“Then the woman left her water jar and went back to the city. She said to the people, ‘Come and see a man who told me everything I have ever done! He cannot be the Messiah, can He?’ They left the city and were on their way to Him.” (John 4:28-30)
How do you start a church? At the turn of the twentieth century, as the late William Hyde recalled, it was simple. As a young Methodist preacher, Hyde was taken by train to a small town in Nebraska. He was told that there was one Methodist in the community, but that he had probably become a Presbyterian, that there was a second-floor hall that could no doubt be rented for a gathering place. And then, as the train pulled from the station, the district superintendent called out a simple formula for beginning a church: “Dig or die, Brother Hyde!”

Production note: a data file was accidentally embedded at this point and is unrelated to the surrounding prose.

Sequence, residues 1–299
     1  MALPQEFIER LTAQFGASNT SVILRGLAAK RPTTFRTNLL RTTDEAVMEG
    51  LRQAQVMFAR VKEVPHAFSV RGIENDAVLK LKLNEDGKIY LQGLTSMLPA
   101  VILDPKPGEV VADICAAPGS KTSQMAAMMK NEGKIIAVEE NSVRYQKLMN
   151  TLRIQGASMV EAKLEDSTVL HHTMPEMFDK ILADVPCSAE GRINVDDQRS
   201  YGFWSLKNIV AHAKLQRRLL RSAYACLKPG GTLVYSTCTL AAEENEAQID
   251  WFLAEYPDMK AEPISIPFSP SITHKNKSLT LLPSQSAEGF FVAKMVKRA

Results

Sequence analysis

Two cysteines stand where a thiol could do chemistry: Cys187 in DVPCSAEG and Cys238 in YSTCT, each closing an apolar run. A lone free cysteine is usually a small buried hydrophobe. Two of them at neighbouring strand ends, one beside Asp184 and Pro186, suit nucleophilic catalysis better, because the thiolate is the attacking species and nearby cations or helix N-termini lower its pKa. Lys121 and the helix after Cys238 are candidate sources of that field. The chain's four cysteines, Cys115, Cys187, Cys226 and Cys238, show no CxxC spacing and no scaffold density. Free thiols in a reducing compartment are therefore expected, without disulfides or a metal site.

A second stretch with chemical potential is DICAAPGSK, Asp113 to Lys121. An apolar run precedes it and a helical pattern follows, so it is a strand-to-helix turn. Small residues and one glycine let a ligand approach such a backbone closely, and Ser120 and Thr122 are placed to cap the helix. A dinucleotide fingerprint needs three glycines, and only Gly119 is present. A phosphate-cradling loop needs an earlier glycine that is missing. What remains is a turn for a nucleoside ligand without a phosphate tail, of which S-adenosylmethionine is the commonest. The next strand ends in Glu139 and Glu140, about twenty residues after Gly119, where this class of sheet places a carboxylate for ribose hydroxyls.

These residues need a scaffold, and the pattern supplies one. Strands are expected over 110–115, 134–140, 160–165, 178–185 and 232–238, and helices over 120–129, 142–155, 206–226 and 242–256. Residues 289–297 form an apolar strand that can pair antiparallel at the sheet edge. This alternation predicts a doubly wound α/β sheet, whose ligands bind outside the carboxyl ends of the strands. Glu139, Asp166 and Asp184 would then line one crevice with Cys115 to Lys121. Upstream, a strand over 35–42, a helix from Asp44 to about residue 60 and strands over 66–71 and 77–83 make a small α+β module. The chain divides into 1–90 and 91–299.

In our day, church planting has become a science. Some progressive seminaries offer special programs, even doctoral studies, in church planting. Statisticians can project how many thousand telephone calls will produce how many hundred in attendance at an opening service, and what mass mailings will appeal to what segments of a population, as well as the type of music, the style of worship, and the level of preaching that will be most effective in a given community.
I confess that I fall somewhere between these two very different methods. The unreconstructed grump in me favors the first, while the researcher in me opts for the second. But on one thing, I am sure. If I were starting a church, I know the person I would want for my first member. I don’t know her name, but I know everything else about her, and I can tell you this: Give me this wild and wonderful woman, and with God’s help I will soon have a thriving body of believers.
— J. Ellsworth Kalas in “New Testament Stories from the Back Side”